Day 4, Tale #5  of Giambattista Basile’s "Il Pentamerone"
retold in narrative verse by Laura J. Bobrow

The king was a tyrant, a merciless tyrant.
A sorceress usurped his throne.
She was well guarded, extremely well guarded.
He could not dislodge the old crone.

He consulted a statue, a soothsaying statue
who told him, “King, try as you might,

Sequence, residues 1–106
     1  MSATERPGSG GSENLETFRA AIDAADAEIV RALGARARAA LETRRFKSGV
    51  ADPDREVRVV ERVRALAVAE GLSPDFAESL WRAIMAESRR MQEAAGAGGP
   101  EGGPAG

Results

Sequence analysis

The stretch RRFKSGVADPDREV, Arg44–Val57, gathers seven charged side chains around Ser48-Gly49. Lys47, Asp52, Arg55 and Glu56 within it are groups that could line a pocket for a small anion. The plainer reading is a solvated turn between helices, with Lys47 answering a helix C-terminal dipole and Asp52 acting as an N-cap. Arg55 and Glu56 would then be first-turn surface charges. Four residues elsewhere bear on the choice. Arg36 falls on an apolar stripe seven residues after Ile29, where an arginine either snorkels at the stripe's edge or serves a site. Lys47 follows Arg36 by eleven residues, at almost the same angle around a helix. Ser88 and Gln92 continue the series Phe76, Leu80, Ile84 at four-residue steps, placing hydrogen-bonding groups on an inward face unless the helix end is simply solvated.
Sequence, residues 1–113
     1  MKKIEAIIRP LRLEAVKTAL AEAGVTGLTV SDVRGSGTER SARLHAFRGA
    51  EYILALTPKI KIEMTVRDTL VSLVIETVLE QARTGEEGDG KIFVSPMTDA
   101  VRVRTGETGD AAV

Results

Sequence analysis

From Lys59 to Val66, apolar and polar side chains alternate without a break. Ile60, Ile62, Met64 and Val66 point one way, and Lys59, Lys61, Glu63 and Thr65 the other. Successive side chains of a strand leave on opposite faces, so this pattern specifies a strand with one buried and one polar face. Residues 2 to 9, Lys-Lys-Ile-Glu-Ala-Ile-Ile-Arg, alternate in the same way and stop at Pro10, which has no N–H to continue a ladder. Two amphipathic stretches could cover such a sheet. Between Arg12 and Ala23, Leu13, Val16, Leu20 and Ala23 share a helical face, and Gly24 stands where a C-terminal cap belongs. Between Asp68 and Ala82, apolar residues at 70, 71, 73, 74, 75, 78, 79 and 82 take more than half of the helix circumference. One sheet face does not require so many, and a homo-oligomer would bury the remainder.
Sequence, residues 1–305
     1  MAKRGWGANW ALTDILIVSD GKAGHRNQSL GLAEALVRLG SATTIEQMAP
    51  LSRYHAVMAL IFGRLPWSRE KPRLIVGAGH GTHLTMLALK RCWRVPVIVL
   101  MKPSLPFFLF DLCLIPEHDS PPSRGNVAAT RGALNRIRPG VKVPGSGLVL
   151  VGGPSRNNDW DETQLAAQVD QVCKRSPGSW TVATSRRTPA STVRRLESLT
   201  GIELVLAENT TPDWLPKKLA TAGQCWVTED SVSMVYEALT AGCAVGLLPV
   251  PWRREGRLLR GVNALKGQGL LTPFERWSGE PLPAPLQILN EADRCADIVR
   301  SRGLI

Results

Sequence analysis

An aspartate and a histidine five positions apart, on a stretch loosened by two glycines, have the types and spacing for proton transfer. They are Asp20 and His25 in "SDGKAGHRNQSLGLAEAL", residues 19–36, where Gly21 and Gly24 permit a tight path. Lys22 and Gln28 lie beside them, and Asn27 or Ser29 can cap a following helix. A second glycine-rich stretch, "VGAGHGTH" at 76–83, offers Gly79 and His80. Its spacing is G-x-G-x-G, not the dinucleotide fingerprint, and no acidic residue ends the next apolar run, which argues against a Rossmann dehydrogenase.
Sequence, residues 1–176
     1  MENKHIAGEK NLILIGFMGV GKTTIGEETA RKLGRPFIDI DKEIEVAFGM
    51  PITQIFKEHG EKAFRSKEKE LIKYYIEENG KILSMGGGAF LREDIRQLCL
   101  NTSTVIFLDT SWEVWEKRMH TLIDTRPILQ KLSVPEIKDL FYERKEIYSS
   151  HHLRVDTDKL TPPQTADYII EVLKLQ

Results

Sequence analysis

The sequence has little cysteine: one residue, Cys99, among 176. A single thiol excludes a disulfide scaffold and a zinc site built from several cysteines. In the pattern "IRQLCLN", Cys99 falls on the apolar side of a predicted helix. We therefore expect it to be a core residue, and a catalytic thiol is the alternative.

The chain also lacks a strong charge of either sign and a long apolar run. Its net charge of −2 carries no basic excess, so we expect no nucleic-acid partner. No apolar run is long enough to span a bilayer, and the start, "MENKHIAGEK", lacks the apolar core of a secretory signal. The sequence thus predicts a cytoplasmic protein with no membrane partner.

you will not regain it, you may not regain it
until she’s deprived of her sight.

The king preyed on women, on innocent women,
on any he managed to catch.
He robbed them of honor, their virginal honor.
Next day they were killed with dispatch.

He caught Porziella.  He raped Porziella,
and was ready to finish her life,
but a bird dropped a potion, a magical potion
on the arm which was holding his knife.

His arm started trembling, so hard was it trembling
he could not keep hold of the blade.
This “bird” was a fairy, a kind-hearted fairy
who had a large debt to be paid.